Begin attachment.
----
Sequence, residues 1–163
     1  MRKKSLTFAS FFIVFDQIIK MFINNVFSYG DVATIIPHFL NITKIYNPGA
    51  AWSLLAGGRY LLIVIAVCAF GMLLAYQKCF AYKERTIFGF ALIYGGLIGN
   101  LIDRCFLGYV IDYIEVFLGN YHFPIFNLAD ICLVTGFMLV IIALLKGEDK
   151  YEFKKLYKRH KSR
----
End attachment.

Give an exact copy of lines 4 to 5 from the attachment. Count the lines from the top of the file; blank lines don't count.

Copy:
   101  LIDRCFLGYV IDYIEVFLGN YHFPIFNLAD ICLVTGFMLV IIALLKGEDK
   151  YEFKKLYKRH KSR